By 2022, the logistics sector is expected to employ more than 28.4 million employees from the current figures of 16.74 million. With logistics being a service oriented sector, skill development is emerging as a key capability. this makes it absolutely necessary for the government, training institutions, the logistics companies and the sector skill council to step up their efforts in building training capacity and offer industry-relevant skills to the candidates.
The Indian logistics sector is valued at $150 billion, contributing 14.4 percent to the country’s GDP. The sector is touted to cross the $200 billion mark by 2020 thanks to the easing of foreign direct investment norms, implementation of the Goods and Services Tax, increasing globalisation, growth of e-commerce, positive changes in regulatory policies, and government initiatives like ‘Make in India.’
According to a report by National Skill Development Corporation (NSDC), India will need around 28.4 million strong supply chain workforce in India’s booming transportation, logistics, warehousing and packaging sector. The sector, which currently employs over 16.74 million employees, is slated to employ more than 28.4 million employees by 2022.
While this sector is touted to have one of the highest incremental requirement of human resources to the tune of around 11.7 million during the period 2013-2022, the level of inefficiency in logistics activities in the country has been very high. The required pace of efficiency and quality improvement will demand rapid development of capabilities of logistics service providers. And with logistics being a service oriented sector, skill development is emerging as a key capability.
This makes it imperative for the government, the training institutions, the logistics companies and the sector skill council to build training capacity and offer industry-relevant skills to the candidates.
Recently speaking at the first National Conference on Logistics Policy at FICCI House in New Delhi, Samir Shah, immediate past chairman, Federation of Freight Forwarders’ Associations in India (FFFAI) and Partner, JBS Group, observed that this sector is predominantly human resources-based industry. However, biggest challenge is to get people to come and join this industry. “Ensure good mobility and make this industry an attractive career option. People should be the prime pillars of logistics industry. Training should be mandatory and monitoring the training institution should be of prior importance. Pay for the trainees rather than training institutes. There should be multiple Centres for Excellence across the country. Women should be encouraged more to join this industry,” he opined. According to him, objectives and functions of Logistics Sector Council should also be incorporated in the Logistics Policy. Shah also urged for massive media campaign by the government to promote logistics industry, for creating good image of this sunrise sector.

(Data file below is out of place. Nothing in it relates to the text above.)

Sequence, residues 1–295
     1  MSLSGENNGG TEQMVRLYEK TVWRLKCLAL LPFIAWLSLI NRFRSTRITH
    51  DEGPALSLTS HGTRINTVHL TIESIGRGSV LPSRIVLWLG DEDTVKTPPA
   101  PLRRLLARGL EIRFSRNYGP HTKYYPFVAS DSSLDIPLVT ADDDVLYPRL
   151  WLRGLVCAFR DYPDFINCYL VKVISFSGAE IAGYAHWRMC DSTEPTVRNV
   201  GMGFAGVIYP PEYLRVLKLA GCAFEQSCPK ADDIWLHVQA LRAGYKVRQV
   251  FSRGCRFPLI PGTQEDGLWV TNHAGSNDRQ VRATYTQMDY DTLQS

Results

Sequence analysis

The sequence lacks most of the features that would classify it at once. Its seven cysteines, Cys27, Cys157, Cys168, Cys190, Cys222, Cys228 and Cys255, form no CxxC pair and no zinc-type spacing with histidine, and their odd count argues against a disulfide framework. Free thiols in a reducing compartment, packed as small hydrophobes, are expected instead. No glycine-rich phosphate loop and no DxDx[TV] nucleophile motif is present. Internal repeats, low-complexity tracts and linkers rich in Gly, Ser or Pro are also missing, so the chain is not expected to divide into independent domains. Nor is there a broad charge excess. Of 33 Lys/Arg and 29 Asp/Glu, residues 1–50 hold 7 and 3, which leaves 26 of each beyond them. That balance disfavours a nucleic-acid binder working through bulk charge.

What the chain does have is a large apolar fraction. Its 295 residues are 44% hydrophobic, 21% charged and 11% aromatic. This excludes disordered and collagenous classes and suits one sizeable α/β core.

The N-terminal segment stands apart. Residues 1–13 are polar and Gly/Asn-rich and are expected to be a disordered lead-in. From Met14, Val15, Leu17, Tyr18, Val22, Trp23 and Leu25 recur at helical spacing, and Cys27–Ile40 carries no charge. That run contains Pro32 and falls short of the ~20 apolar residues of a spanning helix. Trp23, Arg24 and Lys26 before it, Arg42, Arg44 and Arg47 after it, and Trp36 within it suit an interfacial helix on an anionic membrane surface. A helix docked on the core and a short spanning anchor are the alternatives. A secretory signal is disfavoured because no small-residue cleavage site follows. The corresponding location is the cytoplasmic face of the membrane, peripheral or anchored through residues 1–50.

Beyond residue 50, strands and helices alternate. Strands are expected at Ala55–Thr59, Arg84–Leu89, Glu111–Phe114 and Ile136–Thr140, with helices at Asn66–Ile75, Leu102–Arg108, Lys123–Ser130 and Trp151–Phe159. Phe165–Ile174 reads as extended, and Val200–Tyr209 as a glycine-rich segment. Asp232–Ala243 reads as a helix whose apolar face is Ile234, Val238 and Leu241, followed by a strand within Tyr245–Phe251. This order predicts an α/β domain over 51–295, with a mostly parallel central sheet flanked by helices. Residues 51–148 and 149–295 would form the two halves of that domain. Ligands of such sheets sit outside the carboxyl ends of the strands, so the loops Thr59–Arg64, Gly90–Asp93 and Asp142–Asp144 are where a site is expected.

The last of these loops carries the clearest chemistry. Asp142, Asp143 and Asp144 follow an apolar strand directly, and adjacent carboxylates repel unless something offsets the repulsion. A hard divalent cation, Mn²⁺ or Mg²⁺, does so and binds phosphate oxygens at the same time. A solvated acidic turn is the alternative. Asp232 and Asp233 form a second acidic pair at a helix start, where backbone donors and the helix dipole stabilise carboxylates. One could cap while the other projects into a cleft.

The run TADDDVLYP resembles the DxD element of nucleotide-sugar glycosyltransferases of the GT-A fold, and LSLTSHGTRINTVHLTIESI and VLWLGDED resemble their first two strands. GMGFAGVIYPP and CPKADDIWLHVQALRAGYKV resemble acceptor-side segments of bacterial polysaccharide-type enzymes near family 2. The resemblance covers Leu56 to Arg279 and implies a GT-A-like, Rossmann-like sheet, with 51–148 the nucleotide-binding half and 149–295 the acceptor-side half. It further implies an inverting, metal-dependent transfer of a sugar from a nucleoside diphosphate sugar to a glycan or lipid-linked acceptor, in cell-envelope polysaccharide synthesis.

A whole new game for corporates The evolving business environment is creating a strong demand pull for quality and efficient logistics services. The core issues around enabling infrastructure, regulatory environment and the fragmented nature of the industry are being overcome gradually.
Continue Reading with Magzter GOLD
Log-in, if you are already a subscriber
Get unlimited access to thousands of curated premium stories and 5,000+ magazines
READ THE ENTIRE ISSUE
March - April 2019